morning we’ll think of something that is eluding us right now."
idea, dear. Come in and get
something to eat. The
children decided to see what the replicator could come up with for
dinner. I have had a
veritable vacation, just watching them.
In fact, it allowed me some time to work on the survey program
that gave us trouble on that desert planet we landed on a couple of
months ago. Hopefully any
future surveys should be more detailed. " Maureen said.
"Oh, and by the way, you two had better not say anything
about the combination of foods, either," she added, laughing.
Despite everything that had happened to them in the past three
years, her eyes still held boundless optimism in their depths.
caught her in a tight hug, before they went up the ramp.
"It's about time the children learned to cook.”
John appreciated the sacrifice Maureen had made.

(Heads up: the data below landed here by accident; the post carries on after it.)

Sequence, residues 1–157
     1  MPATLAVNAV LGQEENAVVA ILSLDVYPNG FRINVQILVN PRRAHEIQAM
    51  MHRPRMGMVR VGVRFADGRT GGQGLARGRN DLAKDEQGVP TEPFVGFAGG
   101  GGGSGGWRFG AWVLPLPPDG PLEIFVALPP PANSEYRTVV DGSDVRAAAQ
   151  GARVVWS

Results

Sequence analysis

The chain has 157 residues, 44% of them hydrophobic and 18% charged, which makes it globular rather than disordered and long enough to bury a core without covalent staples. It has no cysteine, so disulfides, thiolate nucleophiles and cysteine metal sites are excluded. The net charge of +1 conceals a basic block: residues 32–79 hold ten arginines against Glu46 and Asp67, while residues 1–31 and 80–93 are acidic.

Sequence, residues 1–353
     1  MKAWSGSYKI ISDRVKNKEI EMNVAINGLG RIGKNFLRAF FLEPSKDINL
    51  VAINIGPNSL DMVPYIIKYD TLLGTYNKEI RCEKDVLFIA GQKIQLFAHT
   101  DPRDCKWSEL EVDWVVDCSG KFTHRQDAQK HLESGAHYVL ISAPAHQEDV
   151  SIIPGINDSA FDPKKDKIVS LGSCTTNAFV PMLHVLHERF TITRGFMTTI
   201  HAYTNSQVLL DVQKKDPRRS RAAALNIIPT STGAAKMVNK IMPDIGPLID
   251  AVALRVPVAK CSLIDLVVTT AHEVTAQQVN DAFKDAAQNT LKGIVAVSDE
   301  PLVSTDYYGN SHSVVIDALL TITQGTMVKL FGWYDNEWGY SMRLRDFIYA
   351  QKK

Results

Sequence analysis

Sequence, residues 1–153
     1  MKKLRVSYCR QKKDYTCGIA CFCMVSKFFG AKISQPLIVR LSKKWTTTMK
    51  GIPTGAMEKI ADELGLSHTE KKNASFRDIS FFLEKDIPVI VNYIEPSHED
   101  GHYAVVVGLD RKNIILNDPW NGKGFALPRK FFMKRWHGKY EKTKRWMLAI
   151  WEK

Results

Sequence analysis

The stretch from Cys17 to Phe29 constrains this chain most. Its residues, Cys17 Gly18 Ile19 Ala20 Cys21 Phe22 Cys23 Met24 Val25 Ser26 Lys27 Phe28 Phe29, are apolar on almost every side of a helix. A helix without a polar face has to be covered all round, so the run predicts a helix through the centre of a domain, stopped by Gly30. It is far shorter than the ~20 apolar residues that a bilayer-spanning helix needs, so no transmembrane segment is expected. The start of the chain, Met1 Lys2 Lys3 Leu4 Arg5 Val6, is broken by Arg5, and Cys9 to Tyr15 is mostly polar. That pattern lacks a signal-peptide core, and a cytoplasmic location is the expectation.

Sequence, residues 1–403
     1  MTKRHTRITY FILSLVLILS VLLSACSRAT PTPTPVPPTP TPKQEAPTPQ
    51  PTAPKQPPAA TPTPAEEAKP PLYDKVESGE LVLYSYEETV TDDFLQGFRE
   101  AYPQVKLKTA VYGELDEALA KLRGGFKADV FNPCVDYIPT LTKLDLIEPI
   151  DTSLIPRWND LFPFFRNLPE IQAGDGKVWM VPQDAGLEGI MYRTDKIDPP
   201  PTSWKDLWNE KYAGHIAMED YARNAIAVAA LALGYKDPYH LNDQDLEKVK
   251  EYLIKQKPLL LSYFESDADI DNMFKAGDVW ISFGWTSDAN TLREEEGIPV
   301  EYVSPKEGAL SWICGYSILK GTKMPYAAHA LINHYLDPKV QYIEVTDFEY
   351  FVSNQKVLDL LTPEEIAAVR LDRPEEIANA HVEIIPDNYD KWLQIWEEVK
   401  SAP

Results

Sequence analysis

She had elected to devote her time to the children even before
his career choice that had led to this expedition, foregoing her field
of expertise. Her support
of his leadership wasn't lost on him either.
And knowing the times he was frustrated, short tempered and
irritable during all their travels made John realize how fortunate he
really was. He was grateful
for her silent strength.
kissed his wife tenderly. Smiling,
Maureen looked up, and, teasing, asked, "What did I do to deserve
me," he said softly. "And
put up with me."
that night, John woke up from a restless sleep, unable to let the
problem with the navigational computer rest.
He slipped out of his and Maureen's cabin and sat down in front
of the computer monitor to study the problem again.
The Robot slid up behind him.
"Professor Robinson," it intoned.
"You need to rest. Lack
of sleep will not help you solve the problem."
waved the Robot away without even turning to look at him. "Professor Robinson, if I plug into the central computer
core, I can do a diagnostic scan while you work at your terminal.
It is possible that I may be able to detect some aberration in
the navigational software," it said.
"I would like to help you solve your problem."
time, John did turn around, even though he knew it wasn't necessary to
look at the Robot when he answered him.
"I would appreciate that very much.